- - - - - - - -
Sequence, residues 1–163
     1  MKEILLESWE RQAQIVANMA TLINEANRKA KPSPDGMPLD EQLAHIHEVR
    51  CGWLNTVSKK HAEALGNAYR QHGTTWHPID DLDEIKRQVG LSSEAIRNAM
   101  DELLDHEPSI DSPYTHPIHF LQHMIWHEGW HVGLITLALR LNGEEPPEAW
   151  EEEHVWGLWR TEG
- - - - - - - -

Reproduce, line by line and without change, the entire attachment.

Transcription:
Sequence, residues 1–163
     1  MKEILLESWE RQAQIVANMA TLINEANRKA KPSPDGMPLD EQLAHIHEVR
    51  CGWLNTVSKK HAEALGNAYR QHGTTWHPID DLDEIKRQVG LSSEAIRNAM
   101  DELLDHEPSI DSPYTHPIHF LQHMIWHEGW HVGLITLALR LNGEEPPEAW
   151  EEEHVWGLWR TEG